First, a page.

The report also shows the range of cyber troops involved in this mass propaganda psyops project, including government based cyber troops, noting that their use extends beyond the 77th brigade:
In the United Kingdom, cyber troops can be found across a variety of government ministries and functions, including the military (77th Brigade) and electronic communications (GCHQ) (Greenwald, 2014c; MacAskill, 2015).
The report says that cyber troops are also used by politicians and parties:
Social media is used by political parties to manipulate the public, using fake accounts to artificially inflate the number of followers, likes, shares or retweets a candidate receives, creating a false sense of popularity.
Other techniques include paying private contractors to carry out social media propaganda campaigns, volunteers and paying citizens, the report says:
Some cyber troops are citizens are actively recruited by the government and are paid or remunerated in some way for their work.
The report notes that these groups are highly organised and that the British government is employing at least 1,500 people to act as cyber troops
The cost to the taxpayer of running these programs was unknown to the researchers, but we imagine such operations are not exactly cheap to run.
Given all of this research and information, we can only assume that much of the political discussion online, on social media will be subject to these cyber troops and their psyop tactics.
Around the time of the last general election, both Evolve and my personal site Enemy In A State were targeted on a daily basis by countless trolls spreading lies about Jeremy Corbyn and Labour, spouting endless Tory propaganda. The trolls would appear on both pages within seconds of posting, and we sincerely doubt we were the only pages to have dealt with this kind of organised trolling.
A quick dive into one of the biggest political “discussion” groups on Facebook, The Heart of British Politics, almost always leads to some sort of bare-faced trolling or racism, or extreme xenophobia, lies, or a racist meme war.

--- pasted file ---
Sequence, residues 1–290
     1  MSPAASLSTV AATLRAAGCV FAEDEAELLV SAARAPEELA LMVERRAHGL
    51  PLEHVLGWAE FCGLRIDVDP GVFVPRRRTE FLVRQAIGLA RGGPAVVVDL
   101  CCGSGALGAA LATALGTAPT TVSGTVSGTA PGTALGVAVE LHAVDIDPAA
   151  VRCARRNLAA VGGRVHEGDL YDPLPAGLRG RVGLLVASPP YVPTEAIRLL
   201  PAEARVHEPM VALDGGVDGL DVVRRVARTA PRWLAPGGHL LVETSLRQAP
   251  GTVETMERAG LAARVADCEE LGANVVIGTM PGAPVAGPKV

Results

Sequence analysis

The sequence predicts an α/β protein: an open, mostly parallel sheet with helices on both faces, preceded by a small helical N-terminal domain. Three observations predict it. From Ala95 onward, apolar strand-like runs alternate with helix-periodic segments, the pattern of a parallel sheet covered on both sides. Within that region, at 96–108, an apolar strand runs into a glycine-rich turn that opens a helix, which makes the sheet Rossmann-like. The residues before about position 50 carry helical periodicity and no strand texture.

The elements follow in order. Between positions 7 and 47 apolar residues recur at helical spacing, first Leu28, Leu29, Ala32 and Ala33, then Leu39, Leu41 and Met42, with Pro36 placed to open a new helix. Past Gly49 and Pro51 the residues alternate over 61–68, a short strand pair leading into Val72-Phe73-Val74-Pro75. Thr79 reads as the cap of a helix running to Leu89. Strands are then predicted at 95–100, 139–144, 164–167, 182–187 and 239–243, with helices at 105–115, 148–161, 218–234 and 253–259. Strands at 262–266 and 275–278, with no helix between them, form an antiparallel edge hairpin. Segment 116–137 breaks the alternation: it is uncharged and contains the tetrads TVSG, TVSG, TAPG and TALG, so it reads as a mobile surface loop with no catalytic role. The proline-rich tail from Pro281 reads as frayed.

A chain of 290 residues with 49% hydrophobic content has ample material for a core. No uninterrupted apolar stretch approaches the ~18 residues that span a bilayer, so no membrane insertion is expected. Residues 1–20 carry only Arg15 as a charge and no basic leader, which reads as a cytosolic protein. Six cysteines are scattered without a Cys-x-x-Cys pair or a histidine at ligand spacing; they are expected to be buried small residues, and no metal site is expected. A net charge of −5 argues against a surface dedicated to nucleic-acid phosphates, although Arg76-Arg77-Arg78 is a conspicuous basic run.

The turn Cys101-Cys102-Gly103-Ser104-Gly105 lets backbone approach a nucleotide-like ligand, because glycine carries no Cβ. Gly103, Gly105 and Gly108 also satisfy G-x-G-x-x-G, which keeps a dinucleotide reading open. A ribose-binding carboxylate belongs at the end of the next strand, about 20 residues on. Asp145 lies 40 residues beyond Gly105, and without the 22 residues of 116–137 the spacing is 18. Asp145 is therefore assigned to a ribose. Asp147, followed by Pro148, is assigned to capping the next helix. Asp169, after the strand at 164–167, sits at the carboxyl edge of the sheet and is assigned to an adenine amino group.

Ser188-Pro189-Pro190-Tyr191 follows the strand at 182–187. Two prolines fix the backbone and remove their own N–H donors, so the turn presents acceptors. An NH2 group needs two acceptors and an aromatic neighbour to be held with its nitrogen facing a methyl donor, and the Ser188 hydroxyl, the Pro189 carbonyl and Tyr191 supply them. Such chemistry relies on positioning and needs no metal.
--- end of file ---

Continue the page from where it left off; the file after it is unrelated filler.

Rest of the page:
Posts such as this are very much the order of the day:
One has to wonder whether there is more than just an army of dedicated right-wing trolls on the internet, whether that army is in fact so organised and dedicated because they are in fact paid-up members of the British Army.
The facts are now categorically clear – social media is used by this Tory Government to spread propaganda in a number of ways that the public at large is completely unaware of – trolling people online, simply to control the narrative and the population.
Not only is such practice immoral, it completely undermines democracy and free speech itself. Of course, this is a totally predictable reaction from the establishment to freedom of any kind.
The internet can act as social space where people connect, discuss, share, organise, and debate in ways they couldn’t just 15 years ago – and this public unity is seen as hugely dangerous by authoritarian governments across the globe. So much so that Donald Trump has literally just suggested that we should switch the internet off.
It was the British state who essentially created the modern propaganda system as we know it, including the extenisive use of psychological warfare, and whose World War I (WWI) propaganda is known to have inspired the Nazi minister for propaganda Joseph Goebells, with Hitler himself declaring that the Germans lost WW1 because of ineffective propaganda.
Writing about WW1, in Mein Kampf, Hitler says his experiences with the allied forces:
spurred me to take up the question of propaganda even more deeply than before… What we failed to do, the enemy did with amazing skill and really brilliant calculation. I myself learned enormously from this enemy war propaganda
Hitler concluded his thoughts on the matter by saying that allied propaganda was “a weapon of the first order”.
Hitler and the Nazis may have lost the war, but the British state have ensured that the propaganda system he so admired continues to live on even in the modern age of social media.